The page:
We ended up pulling off the action and chaining ourselves under the truck. Because we each had an arm up over the rear axle of the truck, we were on both sides of the tire; they couldn't move the truck without running one of us over. It took them about eight hours to cut us out. They had to remove the floorboards from inside the truck. The president came out and recognized me. He was so pissed off. The state troopers were playing good cop and bad cop. At the end of the day we got arrested. It was amazing and inspiring to have crossed that line, to do something where you are heeding a higher moral calling. The U.S. toxics campaign at that time was just really kicking butt. And they actually got a full-blown moratorium on the construction of any new incinerators. That particular cement kiln was later declined a permit to burn even more dangerous compounds.
Anyway, after we did this action at the kiln, Greenpeace fast-tracked me toward more responsibility and more action training. I got invited to what turned out to be the last action camp that Greenpeace ever did. It became the model that Ruckus stole or borrowed. It was held outside of Silver Springs, Florida, at a children's camp. The action camp was just remarkable. There were 150 people from all over the world. We practiced urban-climbing techniques and banner hanging on scaffolding four or five stories high. There was a lake where we practiced boat-driving skills with inflatable Zodiacs. Some of the old dogs were there, the people who had inspired me when I was ten years old. I met Mike Roselle, who is the main founder of Ruckus. He was my nonviolence trainer. He talked about mass civil disobedience in which they would get hundreds or even thousands of people arrested, and then the action would continue into the jails and clog up the system itself. It was an awe-inspiring nine days.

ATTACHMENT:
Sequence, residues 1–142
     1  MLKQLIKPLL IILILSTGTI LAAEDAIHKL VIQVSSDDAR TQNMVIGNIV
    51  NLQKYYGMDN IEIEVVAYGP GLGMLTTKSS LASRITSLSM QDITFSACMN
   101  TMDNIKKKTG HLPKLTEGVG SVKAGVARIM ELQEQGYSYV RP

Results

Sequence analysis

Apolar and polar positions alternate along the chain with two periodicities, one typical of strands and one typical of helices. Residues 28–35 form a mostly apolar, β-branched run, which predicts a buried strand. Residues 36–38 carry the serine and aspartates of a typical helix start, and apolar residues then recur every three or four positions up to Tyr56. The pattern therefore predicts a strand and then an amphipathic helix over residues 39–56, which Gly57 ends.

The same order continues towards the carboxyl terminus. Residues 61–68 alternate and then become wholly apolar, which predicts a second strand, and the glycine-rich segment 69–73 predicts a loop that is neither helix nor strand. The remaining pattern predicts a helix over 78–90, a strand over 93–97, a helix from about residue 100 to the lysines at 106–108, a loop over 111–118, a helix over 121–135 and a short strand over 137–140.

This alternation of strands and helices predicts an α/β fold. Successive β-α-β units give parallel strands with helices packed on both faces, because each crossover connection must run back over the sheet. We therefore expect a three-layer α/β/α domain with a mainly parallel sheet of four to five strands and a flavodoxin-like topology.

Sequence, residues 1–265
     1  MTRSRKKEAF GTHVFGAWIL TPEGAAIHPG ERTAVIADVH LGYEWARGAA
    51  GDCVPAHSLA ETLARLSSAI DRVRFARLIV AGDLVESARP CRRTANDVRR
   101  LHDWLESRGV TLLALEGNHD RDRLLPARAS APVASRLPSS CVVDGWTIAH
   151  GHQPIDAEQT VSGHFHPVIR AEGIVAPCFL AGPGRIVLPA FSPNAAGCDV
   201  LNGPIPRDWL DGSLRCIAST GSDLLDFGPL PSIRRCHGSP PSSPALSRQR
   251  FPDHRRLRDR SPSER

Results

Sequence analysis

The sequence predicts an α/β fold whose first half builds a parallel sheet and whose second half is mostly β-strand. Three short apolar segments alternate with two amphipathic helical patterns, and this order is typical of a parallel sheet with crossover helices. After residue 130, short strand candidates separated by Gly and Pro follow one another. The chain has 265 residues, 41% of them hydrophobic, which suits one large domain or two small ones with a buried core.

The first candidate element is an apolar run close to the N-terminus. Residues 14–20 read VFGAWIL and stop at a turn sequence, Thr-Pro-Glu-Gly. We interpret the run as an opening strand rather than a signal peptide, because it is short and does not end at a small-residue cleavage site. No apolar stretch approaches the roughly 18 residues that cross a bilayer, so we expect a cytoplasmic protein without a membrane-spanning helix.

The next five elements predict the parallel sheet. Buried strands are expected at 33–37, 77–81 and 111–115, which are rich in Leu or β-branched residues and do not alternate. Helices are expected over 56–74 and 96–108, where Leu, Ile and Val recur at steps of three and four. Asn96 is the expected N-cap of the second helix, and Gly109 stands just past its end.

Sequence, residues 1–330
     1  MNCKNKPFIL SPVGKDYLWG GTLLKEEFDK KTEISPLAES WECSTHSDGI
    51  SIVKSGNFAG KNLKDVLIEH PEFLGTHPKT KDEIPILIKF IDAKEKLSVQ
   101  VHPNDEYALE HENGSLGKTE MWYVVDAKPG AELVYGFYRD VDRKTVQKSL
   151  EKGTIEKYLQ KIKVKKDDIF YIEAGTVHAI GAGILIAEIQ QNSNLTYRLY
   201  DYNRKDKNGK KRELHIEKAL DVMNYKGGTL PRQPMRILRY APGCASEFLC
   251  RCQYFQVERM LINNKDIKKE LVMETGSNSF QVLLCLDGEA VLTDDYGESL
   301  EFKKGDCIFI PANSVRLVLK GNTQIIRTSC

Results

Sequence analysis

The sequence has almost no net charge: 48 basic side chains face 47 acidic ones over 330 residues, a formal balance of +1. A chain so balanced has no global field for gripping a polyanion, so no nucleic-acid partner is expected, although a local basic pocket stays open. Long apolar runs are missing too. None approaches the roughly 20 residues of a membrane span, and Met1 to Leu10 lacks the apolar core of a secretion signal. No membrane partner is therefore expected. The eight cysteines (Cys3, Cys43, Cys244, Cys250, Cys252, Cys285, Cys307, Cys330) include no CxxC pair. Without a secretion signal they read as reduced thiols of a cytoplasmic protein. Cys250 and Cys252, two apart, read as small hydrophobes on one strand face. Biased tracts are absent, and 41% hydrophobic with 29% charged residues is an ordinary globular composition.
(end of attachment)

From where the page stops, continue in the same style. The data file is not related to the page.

One of my biggest climbing actions was the Sears Tower in 1992. A friend of mine, Claire Greensfelder, who worked in the No Nukes campaign for Greenpeace, started thinking about the fiftieth anniversary of the first sustained nuclear reaction, which happened on December 2, 1942, at the University of Chicago underneath the squash court. We knew that the Nuclear Regulatory Commission and nuke advocates from around the world would be in Chicago to celebrate fifty years of nuclear energy. There was no way we were going to let their pro-nuke pep rally go off unchallenged. We wanted to metaphorically piss on their atomic bonfire. Because Chicago's symbol to the world is the Sears Tower, we decided that we would climb it and hang a banner.
We started training one month out. In most building-climbing situations, you try to sneak up to the roof and then rappel down. But in this climb we decided to work with these crazy engineers. The coordinator of this climb was Dave Hollister, who designed some aluminum devices that we would use as cams inside the window-washing tracks. This would allow us to start at the base of the Sears Tower and climb up the outside of the building. It is 110 stories. We had no illusions that we were going to climb up the whole side of the building, although you could with these devices. If we climbed the whole building and hung the banner at the top, nobody would have been able to see it. So our strategy was to climb about thirty floors up, or about 400 feet off the ground.